In her critique of John’s position on patriarchy Krishnan emphasises a manner of understanding sexual violence that fails to go beyond continual evocations of notions like “gender power”. Despite invoking the idea of women’s reproductive labour, she makes no concerted attempt to make this concept of power unfold in relation to capitalism, reproductive labour, etc. As was the case with the liberal feminists of yore, “misogyny” and “patriarchal attitudes” do still remain materially ungrounded ideological constructs in her theorisation.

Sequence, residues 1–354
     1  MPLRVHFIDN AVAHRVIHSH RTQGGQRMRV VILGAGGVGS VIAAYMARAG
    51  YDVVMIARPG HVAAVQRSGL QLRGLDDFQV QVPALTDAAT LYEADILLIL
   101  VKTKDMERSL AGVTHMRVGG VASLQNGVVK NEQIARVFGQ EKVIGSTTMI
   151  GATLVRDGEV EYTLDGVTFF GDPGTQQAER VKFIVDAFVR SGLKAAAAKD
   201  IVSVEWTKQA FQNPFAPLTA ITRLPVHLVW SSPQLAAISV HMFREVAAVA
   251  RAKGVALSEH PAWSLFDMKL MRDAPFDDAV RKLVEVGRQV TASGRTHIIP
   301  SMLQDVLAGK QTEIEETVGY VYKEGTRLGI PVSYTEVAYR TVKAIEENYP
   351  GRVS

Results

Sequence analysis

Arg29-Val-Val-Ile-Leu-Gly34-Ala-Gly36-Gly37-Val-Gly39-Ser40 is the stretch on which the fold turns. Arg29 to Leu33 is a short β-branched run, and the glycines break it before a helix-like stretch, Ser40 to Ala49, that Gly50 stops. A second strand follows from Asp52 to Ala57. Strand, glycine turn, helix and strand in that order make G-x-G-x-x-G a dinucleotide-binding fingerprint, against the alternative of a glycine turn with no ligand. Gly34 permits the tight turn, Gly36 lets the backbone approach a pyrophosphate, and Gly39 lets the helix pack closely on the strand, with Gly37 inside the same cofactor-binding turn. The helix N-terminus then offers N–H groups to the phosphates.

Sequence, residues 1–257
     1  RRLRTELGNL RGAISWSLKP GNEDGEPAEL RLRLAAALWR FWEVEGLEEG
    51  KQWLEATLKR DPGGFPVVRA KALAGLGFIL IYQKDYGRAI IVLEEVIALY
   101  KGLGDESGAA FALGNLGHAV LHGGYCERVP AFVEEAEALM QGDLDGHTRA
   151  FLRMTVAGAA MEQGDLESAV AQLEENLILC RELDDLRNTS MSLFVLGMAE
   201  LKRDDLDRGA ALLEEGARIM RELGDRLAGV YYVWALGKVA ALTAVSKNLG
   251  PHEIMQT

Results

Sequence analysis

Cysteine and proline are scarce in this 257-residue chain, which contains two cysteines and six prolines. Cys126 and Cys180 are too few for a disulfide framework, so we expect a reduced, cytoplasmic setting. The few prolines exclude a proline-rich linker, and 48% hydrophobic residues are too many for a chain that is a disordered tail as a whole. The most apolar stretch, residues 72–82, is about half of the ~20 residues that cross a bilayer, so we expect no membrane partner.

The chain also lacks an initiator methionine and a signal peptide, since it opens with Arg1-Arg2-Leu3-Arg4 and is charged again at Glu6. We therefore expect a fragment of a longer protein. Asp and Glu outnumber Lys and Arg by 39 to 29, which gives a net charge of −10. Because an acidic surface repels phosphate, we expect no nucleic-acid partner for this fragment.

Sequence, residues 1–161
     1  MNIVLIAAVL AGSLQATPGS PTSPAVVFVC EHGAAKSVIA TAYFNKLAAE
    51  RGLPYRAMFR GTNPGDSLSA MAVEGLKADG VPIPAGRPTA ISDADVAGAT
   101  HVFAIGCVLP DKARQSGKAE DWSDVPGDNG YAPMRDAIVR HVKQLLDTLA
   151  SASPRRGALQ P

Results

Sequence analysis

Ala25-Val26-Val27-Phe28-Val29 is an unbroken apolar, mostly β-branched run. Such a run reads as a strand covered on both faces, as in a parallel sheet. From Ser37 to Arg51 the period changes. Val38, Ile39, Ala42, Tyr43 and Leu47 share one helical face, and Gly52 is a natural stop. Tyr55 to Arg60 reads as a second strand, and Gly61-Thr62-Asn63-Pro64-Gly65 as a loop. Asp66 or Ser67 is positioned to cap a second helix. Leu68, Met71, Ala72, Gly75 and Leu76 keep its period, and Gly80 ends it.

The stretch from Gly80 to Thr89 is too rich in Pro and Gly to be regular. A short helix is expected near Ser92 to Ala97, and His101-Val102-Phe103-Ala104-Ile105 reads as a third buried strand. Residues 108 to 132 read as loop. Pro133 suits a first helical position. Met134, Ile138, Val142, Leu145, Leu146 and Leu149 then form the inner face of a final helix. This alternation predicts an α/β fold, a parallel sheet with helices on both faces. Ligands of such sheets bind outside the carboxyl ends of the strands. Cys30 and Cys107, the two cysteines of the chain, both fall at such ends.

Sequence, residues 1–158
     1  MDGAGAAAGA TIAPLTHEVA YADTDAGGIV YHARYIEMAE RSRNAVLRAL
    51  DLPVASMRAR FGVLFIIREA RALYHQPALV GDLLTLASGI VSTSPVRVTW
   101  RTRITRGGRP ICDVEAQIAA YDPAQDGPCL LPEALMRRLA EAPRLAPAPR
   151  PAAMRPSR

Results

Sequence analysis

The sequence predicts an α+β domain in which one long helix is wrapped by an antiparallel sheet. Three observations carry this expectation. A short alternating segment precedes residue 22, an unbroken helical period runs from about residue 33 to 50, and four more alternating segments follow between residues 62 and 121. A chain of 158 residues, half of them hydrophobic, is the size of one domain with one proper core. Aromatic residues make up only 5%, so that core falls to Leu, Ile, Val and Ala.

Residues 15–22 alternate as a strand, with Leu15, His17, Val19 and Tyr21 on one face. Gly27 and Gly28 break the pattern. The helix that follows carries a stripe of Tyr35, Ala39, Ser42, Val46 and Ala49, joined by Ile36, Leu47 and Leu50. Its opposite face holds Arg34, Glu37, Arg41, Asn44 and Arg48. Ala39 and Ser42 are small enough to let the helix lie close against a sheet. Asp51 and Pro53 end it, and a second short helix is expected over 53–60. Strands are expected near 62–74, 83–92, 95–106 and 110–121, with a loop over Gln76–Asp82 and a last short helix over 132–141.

In continuity with this same manner of thinking, which is unable to identify the materiality that unites diverse moments of struggle, diverse ideological forms, Krishnan goes on to argue that there is a need to “enrich our understanding of the intersections of class, caste, and patriarchy”. After ostensibly arguing that the women question is an important part of working class politics, and after accepting the specific division of male and female instituted by capitalism, Krishnan uses the notion of ‘intersection’ as if these identities/issues occupy specific grounds and intersect only at certain moments. In a single sentence the falseness of her welcome-to-Marxist-analysis is revealed, for any such analysis would assume that class does not simply intersect with gender, it structures the very terrain on which the struggles of all these identities (caste, gender, etc.) are played out. Even though Krishnan will evoke modes of production when trying to understand the relation between capitalism and patriarchy, such a manner of approaching the question will never be operative in the political-strategic programme that she envisages. In that programme womanhood is one identity, class another, all to be addressed by the good leftist organisation – nothing is to be excluded. In the words of Laclau, another sophisticated anti-Marxist, she envisages her politics as the attempt to resolve “a variety of partial problems”. Her attempt is not to identify how a fundamental contradiction in the system structures all other moments of struggle, but to form an aggregative alliance of identities.